Social media users produce more affect that supports cultural values, but are more influenced by affect that violates cultural values
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AbstractAlthough social media plays an increasingly important role in communication around the world, social media research has primarily focused on Western users. Thus, little is known about how cultural values shape social media behavior. To examine how cultural affective values might influence social media use, we developed a new sentiment analysis tool that allowed us to compare the affective content of Twitter posts in the United States (55,867 tweets, 1888 users) and Japan (63,863 tweets, 1825 users). Consistent with their respective cultural affective values, U.S. users primarily produced positive (vs. negative) posts, while Japanese users primarily produced low (vs. high) arousal posts. Contrary to cultural affective values, however, U.S. users were more influenced by changes in others’ high arousal negative (e.g., angry) posts, whereas Japanese were more influenced by changes in others’ high arousal positive (e.g., excited) posts. These patterns held after controlling for differences in baseline exposure to affective content, and across different topics. Together, these results suggest that across cultures, while social media users primarily produce content that supports their affective values, they are more influenced by content that violates those values. These findings have implications for theories about which affective content spreads on social media, and for applications related to the optimal design and use of social media platforms around the world.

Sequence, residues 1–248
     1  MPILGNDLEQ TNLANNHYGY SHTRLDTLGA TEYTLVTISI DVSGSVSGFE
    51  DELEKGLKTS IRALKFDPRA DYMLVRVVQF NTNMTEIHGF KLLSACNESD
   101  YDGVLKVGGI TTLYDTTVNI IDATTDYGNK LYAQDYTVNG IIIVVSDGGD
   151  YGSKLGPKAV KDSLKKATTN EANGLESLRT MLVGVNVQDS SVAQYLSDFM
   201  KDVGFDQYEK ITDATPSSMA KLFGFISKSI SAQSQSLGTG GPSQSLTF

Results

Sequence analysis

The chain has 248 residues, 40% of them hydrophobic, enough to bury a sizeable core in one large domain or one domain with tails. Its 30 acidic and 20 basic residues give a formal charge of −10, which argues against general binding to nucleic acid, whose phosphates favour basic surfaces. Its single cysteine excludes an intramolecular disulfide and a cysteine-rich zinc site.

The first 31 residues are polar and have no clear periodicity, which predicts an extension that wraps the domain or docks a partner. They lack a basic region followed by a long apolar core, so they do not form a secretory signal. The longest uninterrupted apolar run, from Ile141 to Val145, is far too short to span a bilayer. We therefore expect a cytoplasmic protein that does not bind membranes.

CitationHsu, T.W., Niiya, Y., Thelwall, M., Ko, M., Knutson, B. and Tsai, J.L. (2021) Social media users produce more affect that supports cultural values, but are more influenced by affect that violates cultural values. Journal of Personality and Social Psychology, 121 (5), pp. 969–983. https://doi.org/10.1037/pspa0000282
PublisherAmerican Psychological Association
JournalJournal of Personality and Social Psychology
DescriptionThis is an accepted manuscript of an article published by American Psychological Association in Journal of Personality and Social Psychology, available online at: https://doi.org/10.1037/pspa0000282 The accepted version of the publication may differ from the final published version.
Except where otherwise noted, this item's license is described as https://creativecommons.org/licenses/by-nc-nd/4.0/